Not all of it works, but it’s an extremely heartening bit of jazz orchestral ambition in an era that is making it increasingly common. Explaining a piece called “Gratitude,” Perez tells us “I started thinking about everyone from my father and my mother to my teachers, Dizzy Gillespie to Steve Lacy to Jack DeJohnette and Roy Haynes, all the way to Wayne Shorter, my wife, kids. I felt so much gratitude making this record.” You’ll have little trouble understanding why.
– Jeff Simon
Oboe and Harp at the Opera
Celine Moinet, oboe and English horn, and Sarah Christ, harp
The sweet sound of the oboe doesn’t get the attention it deserves. Think of that scene in “Enchanted April” when you heard the instrument solo, surrounded by beauty. If you liked that scene you will like this album, a light-listening collection of 19th century melodies. Some are opera arias, but two pieces, by Donizetti and Jacques Ibert, were written just for this configuration.
There is an aria from Schubert’s rarely performed opera “Die Zauberharfe” (“The Magic Harp”), and French music by Arthur Honegger, Benjamin Godard and Henri Brod. And there are two selections by Richard Wagner. One is the Italianate “O du mein holder Abendstern” from “Tannhauser,” with the oboe taking the introduction solo and the harp joining in on the famous melody. The other is the bittersweet three-minute long English horn solo – probably the greatest English horn solo of all time – that introduces the harrowing Act III of “Tristan and Isolde.”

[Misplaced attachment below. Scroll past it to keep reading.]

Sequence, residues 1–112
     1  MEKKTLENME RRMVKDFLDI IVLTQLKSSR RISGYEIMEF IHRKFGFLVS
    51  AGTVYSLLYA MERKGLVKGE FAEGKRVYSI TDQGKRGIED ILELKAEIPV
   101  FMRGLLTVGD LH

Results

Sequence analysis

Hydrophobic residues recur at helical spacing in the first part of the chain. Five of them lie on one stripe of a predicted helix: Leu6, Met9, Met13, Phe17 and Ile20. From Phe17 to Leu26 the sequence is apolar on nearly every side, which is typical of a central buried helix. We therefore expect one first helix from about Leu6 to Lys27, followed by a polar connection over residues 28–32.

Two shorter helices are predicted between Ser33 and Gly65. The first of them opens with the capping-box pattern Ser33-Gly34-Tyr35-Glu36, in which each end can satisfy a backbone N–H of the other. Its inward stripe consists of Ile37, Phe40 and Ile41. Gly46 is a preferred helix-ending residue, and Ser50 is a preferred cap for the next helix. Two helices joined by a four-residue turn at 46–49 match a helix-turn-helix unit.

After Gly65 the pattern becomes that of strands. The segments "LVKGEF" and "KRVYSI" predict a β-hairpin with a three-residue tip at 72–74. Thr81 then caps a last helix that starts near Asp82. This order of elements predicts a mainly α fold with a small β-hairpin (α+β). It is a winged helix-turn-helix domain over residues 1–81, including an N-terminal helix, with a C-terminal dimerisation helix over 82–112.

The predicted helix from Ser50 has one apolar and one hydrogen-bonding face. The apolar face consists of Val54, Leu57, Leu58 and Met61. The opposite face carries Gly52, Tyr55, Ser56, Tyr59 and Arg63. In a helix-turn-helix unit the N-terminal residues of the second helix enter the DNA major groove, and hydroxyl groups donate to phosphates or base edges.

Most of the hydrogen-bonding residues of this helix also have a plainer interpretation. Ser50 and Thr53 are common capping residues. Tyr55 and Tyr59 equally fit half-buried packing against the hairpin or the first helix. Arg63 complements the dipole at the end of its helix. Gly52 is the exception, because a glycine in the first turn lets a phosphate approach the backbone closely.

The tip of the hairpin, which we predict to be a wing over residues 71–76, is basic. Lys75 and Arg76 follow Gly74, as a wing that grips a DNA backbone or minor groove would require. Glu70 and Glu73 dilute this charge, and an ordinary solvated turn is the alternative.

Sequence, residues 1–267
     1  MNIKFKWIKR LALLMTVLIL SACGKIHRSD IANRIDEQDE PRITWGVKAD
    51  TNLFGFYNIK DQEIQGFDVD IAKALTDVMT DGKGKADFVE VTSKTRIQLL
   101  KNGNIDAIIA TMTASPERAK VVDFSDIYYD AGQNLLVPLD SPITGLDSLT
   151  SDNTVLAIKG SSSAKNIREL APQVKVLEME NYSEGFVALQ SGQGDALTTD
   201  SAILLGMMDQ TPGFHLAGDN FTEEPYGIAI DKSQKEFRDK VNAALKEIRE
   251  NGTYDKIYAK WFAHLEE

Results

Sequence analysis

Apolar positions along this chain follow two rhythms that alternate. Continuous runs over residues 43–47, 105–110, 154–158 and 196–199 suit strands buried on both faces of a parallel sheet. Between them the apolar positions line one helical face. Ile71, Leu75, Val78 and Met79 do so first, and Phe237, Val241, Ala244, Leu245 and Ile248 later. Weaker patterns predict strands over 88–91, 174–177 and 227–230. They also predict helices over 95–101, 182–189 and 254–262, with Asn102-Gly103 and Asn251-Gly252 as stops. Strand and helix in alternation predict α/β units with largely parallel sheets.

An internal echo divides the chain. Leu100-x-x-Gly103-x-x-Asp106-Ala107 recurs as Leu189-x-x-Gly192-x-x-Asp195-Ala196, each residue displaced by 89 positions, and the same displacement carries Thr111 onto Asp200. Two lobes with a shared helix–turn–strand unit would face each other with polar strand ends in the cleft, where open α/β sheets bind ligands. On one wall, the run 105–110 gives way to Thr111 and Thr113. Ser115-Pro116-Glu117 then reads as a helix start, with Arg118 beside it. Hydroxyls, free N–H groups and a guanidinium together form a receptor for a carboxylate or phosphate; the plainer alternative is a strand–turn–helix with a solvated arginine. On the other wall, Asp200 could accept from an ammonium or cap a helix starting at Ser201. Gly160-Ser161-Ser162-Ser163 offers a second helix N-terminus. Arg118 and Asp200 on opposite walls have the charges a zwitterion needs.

Moinet has a rich, smooth tone and Sarah Christ accompanies her in easy camaraderie. The calm, lovely disc ends with a courtly fantasy by Antonio Pasculli on themes by Donizetti.
– Mary Kunz Goldman
[Plus Loin Music]
You can always triangulate newer jazz talent by looking at a young musician’s friends.
Big-toned Israeli tenor saxophonist Eli Degibri has toured with Herbie Hancock and recorded with Al Foster and Brad Mehldau, both of whom are eager to praise him to the skies. (Foster: “Most saxophonists from the young generation have great technique, better than saxophonists from my generation, but they can’t tell a story. Eli knows how to tell a story, there’s a lot of feeling in his playing, a lot of thought and he’s a wonderful melodist.” Mehldau: “Everything he is playing sounds like he just had to play that and nothing else – even though he’s really improvising.”)
All of which is another way of saying that his sound is similar to the post-Mike Brecker tenor sound so common among tenor players under 40 (he is 35), but that both his compositions and his solos are gripping in a way that the fine saxophonists are and not the well-schooled tyros.
“Joining me on this recording,” he says, “are two very young and astonishingly talented musicians: pianist Gadi Lehavi (16 years old) and drummer Ofri Nehemya (18 years old)” as well as bassist Barak Mori, whom Degibri calls his best friend.
This is a band that sounds as if it has played together 10 years and Degibri is a musician who, it certainly seems, is worth listening carefully to under all circumstances.
On the final selection “The Cave,” there’s a chorus, and on another singer Shlomo Ydov. And on “Autumn in New York” Degibri said “the song helped me imagine NYC before I even set foot on its streets and this is my heartfelt version after living there for 15 amazing years of my life.”
The urban love and gratitude are palpable.